For the second deck Calvino imagines another set of silent travelers, but they seem more clearly to be at an inn, as befits the less aristocratic nature of the cards themselves, and for some reason the stories deduced from these cards are much more vivid and ingenious. They include the tale of the waverer, a narrative that finds impossible choices at every turn of the card, and also the stories of Faust (again) and Parsifal, and of Hamlet, Macbeth, and Lear. At one point Calvino decides to interpret the picture card of the Pope as signifying a latinized Freud, “the great shepherd of souls and interpreter of dreams Sigismund of Vindobona” (102), and starts to look for, and of course soon finds, the story of Oedipus in the pack, “that story which, according to the teachings of [Sigismund’s] doctrine, is hidden in the warp of all stories” (102). In this deck the writer does dig out his own tale, but it is a tale of writing, not a confession of worldly adventures or sentimental secrets. Among his cards are the Devil, because “the raw material of writing” is “a rising to the surface of hairy claws, cur-like scratching, goat’s goring, repressed violences that grope in the darkness” (101), and the Juggler, a figure “who arranges on a stand at a fair a certain number of objects and, shifting them, connecting them, interchanging them, achieves a certain number of effects” (105). Among his models are Stendhal and the Marquis de Sade, because “in writing, what speaks is what is repressed” (102). If we are lucky. Calvino worries a little about the portentousness of some of this—“will I not have been too pontifical?” (troppo edificante) he says a little later (111)—and has his narrator deflate his own claims even as he makes them. “Writing, in short, has a subsoil which belongs to the species, or at least to civilization, or at least to certain income brackets” (103-04).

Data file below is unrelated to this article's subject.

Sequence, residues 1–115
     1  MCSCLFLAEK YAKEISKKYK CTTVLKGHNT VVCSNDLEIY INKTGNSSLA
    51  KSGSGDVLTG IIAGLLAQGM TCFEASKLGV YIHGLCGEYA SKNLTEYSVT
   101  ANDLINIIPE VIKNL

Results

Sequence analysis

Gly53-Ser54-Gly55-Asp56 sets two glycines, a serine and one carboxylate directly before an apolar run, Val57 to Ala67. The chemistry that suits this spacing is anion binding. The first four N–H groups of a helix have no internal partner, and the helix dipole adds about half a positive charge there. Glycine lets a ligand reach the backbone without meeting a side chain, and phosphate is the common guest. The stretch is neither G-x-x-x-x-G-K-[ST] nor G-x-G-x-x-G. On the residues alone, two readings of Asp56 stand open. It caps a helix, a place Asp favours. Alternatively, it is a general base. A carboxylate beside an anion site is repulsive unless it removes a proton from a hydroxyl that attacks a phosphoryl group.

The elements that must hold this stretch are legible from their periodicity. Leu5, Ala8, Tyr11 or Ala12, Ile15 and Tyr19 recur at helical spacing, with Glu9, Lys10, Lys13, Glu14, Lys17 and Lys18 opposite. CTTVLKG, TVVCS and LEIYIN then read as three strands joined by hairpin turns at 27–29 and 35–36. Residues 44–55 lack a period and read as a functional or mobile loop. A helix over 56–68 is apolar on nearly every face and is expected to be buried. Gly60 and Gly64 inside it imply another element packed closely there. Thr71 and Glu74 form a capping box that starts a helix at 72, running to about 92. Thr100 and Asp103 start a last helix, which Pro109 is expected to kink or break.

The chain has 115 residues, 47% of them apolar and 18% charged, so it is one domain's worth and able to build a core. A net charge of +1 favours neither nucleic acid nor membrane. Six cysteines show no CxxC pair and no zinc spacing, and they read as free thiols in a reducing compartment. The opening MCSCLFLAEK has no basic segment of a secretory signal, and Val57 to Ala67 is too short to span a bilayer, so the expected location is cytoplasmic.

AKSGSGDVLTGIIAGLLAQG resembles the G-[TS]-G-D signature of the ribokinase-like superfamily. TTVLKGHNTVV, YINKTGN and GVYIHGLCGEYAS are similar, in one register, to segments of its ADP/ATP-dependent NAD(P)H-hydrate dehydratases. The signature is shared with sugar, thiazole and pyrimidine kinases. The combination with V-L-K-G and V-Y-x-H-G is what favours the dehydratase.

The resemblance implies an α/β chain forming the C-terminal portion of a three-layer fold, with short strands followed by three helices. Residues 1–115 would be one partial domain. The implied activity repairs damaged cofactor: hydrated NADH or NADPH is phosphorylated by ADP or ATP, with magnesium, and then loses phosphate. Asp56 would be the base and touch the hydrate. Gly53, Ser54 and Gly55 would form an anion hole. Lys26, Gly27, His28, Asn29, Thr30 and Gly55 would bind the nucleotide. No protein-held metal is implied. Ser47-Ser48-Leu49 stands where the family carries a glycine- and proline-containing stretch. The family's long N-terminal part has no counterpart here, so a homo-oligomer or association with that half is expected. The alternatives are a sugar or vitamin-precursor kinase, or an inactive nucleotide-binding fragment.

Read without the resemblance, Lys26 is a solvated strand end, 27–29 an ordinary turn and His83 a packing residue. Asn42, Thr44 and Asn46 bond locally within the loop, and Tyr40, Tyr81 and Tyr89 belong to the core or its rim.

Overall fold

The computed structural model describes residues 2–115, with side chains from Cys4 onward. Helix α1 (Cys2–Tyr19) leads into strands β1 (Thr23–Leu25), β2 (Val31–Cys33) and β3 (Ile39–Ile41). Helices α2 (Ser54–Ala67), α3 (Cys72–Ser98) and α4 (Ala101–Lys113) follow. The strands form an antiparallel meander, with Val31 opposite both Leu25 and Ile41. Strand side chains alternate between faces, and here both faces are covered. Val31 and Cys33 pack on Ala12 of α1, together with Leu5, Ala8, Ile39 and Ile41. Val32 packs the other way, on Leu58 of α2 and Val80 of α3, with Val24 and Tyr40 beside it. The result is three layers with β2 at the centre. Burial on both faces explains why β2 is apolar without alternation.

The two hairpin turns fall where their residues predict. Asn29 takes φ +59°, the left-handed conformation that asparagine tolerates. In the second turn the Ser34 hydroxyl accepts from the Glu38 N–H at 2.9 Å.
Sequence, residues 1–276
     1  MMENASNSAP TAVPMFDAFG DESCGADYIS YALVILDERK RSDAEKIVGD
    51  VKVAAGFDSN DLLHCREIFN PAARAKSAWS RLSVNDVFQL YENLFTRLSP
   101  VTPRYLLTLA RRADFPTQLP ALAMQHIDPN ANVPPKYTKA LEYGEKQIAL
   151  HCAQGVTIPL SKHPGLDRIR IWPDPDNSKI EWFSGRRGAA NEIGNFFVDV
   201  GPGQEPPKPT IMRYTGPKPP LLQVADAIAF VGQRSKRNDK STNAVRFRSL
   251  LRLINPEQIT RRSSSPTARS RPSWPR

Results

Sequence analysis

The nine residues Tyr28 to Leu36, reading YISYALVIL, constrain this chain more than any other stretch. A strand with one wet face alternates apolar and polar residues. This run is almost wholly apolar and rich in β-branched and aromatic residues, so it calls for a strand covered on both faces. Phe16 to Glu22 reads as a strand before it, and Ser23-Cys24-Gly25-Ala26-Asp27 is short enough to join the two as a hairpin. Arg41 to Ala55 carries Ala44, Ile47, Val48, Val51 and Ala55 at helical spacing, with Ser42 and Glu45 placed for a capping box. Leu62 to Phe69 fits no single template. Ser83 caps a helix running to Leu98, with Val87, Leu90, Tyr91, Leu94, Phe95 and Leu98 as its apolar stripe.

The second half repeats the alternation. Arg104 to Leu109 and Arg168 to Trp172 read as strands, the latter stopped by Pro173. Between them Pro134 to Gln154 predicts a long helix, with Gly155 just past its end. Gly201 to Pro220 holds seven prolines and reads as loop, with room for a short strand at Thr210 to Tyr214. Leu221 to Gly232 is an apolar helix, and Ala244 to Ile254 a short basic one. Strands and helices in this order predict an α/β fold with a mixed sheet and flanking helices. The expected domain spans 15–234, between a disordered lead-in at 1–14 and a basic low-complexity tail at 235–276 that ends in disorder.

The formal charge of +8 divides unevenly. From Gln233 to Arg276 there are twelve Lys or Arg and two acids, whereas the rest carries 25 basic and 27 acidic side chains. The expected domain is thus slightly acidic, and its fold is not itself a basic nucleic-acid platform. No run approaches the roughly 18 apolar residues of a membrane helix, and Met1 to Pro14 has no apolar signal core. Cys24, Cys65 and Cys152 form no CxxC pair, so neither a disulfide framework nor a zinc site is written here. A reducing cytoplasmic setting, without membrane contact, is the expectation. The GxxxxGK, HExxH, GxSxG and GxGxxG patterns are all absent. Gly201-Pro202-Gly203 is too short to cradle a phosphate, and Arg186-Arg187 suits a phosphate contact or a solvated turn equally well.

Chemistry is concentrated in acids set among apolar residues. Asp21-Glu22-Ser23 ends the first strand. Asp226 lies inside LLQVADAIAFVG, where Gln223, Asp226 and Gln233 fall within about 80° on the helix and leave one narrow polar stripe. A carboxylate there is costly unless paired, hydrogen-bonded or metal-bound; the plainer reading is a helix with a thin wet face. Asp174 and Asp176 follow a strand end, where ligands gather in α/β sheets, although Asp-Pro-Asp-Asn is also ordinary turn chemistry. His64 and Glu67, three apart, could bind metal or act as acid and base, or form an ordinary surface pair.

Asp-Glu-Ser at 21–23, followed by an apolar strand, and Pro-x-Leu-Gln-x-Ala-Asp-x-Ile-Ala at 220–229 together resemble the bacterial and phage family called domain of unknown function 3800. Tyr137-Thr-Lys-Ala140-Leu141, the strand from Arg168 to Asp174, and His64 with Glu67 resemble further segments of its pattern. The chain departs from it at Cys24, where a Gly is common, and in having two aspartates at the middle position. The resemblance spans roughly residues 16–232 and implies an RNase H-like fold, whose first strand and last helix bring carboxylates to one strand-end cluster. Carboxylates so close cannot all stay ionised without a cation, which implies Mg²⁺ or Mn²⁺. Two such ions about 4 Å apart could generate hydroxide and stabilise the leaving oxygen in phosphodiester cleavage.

In such a view, or in such an income bracket, the tarot pack is not only a machine for constructing stories, it is a labyrinth where all the world’s stories can be found. But they have to be found, and finding them, it seems, does not interfere with the inexhaustible mystery of the labyrinth itself, which is organized, Calvino says, around “the chaotic heart of things, the center of the square of the cards and of the world, the point of intersection of all possible orders” (33). Calvino experiments briefly (and brilliantly) with “reading” other pictures in the same way, famous paintings of Saint Jerome and Saint George, for example, and he says he thought of completing his “Castle of Crossed Destinies” (the Visconti pack) and “Tavern of Crossed Destinies” (the Marseilles pack) with a “Motel of Crossed Destinies,” in which the mute survivors of an unnamed catastrophe would tell their tales by pointing to the various frames of the comics page of a scorched newspaper.